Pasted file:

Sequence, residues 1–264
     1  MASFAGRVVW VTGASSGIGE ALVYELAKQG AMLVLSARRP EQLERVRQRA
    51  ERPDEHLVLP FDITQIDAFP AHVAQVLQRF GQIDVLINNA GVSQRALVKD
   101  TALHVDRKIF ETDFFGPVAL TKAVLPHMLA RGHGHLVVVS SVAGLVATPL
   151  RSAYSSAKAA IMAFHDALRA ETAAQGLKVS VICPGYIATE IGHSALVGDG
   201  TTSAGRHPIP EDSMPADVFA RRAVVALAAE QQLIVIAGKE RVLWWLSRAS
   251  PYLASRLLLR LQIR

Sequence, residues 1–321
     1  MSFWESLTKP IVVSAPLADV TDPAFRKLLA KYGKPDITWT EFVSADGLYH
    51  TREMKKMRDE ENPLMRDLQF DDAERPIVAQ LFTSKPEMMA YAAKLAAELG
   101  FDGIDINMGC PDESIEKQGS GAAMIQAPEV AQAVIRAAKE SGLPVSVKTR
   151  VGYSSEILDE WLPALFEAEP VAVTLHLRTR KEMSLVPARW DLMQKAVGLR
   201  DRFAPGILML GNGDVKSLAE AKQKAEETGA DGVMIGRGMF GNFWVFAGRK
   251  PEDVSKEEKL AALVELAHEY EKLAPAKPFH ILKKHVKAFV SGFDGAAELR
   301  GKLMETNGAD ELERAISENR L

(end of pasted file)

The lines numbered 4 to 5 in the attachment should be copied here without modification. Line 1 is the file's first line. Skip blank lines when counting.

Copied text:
   101  TALHVDRKIF ETDFFGPVAL TKAVLPHMLA RGHGHLVVVS SVAGLVATPL
   151  RSAYSSAKAA IMAFHDALRA ETAAQGLKVS VICPGYIATE IGHSALVGDG